Driving into Cape Town from the airport, through the newly widened and redesigned expressways and past the ultra-modern Green Point Stadium with its retractable glass roof, the World Cup buzz is palpable even through the chill and the rain. There is a city on trial, a country on trial, a hugely polarizing issue—the relationship between developing nations and mega sports events—on trial. Also on trial are the ebullient Sepp Blatter, president of Fédération Internationale de Football Association (Fifa), and the similarly Teflon-coated Jacob Zuma, South Africa’s president, who have set up a mutual admiration society that, alas, has few other members.
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There has been much criticism of this tournament being awarded to South Africa, of an event as prestigious and complex as the World Cup being hostage to political expediency and open to the risks that come with it. Politics is no stranger, of course, to the World Cup—the 1986 World Cup was first scheduled to be held in Colombia, which pulled out in 1982; Brazil, the US and Canada all offered to play substitute but the tournament was handed to Mexico, despite the fact that it had hosted the World Cup as recently as 1970.
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On the face of it, it’s hard to ignore the obvious benefits the World Cup will bring to South Africa. My taxi driver—a dispossessed white Zimbabwean with no reason to defend this World Cup (and not just because he’s a cricket fan)—waxed about the broader roads, which cut peak driving time by half or more, and the busy-ness of his schedule over the next six weeks in what would otherwise have been the off season.
On the plane from Dubai—almost a global fans’ charter flight, with supporters of at least seven countries—there was a thrill of anticipation, and among a young expat South African couple returning home, a sense of pride.
The weight of expectation on South Africa is matched to some extent by the burden the World Cup carries vis-à-vis the hopes and aspirations of some of the other participant nations.
Consider North Korea, whose footballers have largely remained out of sight of the global community. All that will change dramatically on 15 June, when they play their first World Cup game in 44 years against Brazil to a global TV audience of several hundred million. The next day, Honduras face Chile, a match that makes up in regional politics what it lacks in global significance—Honduras were expelled, following last year’s coup, from the Organisation of American States, which is currently meeting in Peru to decide whether to re-admit the country. One of the staunchest advocates against Honduras’ re-admission is the OAS’ Chilean secretary general.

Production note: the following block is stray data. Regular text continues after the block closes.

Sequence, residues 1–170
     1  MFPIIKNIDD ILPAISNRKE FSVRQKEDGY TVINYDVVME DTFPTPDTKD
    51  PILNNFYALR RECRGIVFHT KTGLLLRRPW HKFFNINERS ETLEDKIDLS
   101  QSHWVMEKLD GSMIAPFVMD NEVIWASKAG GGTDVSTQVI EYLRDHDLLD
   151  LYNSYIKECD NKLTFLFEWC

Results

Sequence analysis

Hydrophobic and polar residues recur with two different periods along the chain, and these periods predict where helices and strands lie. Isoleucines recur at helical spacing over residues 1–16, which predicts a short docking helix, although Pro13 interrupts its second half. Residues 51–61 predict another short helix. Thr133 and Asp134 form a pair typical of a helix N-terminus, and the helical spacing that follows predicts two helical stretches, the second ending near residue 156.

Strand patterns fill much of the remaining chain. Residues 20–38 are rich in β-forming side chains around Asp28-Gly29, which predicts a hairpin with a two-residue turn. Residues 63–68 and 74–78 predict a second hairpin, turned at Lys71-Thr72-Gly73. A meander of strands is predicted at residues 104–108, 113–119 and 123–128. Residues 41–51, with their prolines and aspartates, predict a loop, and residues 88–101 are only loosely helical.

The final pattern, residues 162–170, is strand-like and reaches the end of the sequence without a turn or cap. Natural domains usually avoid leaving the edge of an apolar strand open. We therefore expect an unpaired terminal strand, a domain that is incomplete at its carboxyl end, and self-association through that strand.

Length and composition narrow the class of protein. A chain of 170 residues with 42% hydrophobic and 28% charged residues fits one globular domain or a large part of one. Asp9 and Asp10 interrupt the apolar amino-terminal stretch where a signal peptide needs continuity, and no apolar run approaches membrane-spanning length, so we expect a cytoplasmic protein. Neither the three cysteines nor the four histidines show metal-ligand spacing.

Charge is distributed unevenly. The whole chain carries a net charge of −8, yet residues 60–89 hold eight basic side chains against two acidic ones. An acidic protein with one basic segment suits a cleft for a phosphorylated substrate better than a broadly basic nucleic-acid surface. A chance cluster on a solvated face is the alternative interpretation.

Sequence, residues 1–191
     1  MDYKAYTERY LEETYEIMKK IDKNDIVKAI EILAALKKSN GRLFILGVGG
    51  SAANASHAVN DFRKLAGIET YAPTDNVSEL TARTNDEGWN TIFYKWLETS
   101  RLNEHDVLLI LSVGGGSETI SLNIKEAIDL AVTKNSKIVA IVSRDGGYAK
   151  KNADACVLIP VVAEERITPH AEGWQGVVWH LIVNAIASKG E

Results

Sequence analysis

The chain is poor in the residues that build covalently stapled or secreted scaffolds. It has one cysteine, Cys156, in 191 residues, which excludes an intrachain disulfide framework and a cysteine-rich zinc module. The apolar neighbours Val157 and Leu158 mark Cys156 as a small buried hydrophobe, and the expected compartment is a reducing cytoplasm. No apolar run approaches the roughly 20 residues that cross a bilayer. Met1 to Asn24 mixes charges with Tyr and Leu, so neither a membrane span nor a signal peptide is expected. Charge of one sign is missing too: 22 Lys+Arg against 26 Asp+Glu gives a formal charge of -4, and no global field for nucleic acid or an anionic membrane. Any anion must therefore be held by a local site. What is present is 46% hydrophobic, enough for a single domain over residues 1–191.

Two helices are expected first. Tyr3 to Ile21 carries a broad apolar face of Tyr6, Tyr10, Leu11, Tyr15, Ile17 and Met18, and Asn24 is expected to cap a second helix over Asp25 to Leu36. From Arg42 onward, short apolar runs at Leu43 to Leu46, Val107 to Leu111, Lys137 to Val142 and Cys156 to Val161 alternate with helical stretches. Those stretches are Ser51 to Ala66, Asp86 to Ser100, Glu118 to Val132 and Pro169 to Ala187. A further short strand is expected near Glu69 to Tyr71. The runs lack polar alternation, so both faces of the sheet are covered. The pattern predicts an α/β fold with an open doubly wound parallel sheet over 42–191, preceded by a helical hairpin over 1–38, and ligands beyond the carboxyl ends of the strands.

At the other end of the scale, the US has a point to prove too: that it should be taken seriously as a footballing nation. Its economy has long underwritten the World Cup—Fifa’s principal sponsors include Visa, Coke and McDonald’s—and in 1994 it hosted one of the most successful tournaments. Now its players want to join the party. Not so long ago the sport was a cottage industry, a family game that spawned the breed of soccer moms; now it is on the verge of an initial public offering (IPO), with the guarantors including Major League Soccer, the fledgling domestic tournament, and TV broadcaster ESPN—and the most famous celebrity endorsement in David Beckham.
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Ultimately, though, this is a tournament for Africa, which has provided some of the game’s most exciting players, from Eusebio (who played for Portugal but was born in Mozambique) in 1966 to some of today’s biggest stars, including Samuel Eto’o and Didier Drogba. This is a continent that has failed its own tryst with destiny—most African nations won their freedom around the time India did, but have not been able to translate their human and natural resources to anything on a similar scale. Not even in football—though the successes of Arsenal, Barcelona, Chelsea and the Milan teams have been built on African bedrock, the players’ home nations have struggled to do well at the World Cup. Pelé famously predicted an African winner by the turn of the millennium, but even adjusting for exaggeration, it looks a long way off the mark.
Now is the time for Africa to prove wrong all those who have doubted its ability to host a tournament that is efficient, safe and modern—and to show them that you can sacrifice a bit of Internet bandwidth for some colour and heart without losing anything in the process. That could well be the template for the future, by necessity if not by choice alone.
For South Africa, where rugby was the sport of the whites during apartheid, football has long been a symbol of revolution and unity; it can play the same role in a different context. There is every chance that Pelé’s dream of a World Cup-winner from Africa may not happen on the field, but it could happen off it.
Jayaditya Gupta is executive editor of Cricinfo and is covering the World Cup for their sister website Soccernet.
Write to Jayaditya at email@example.com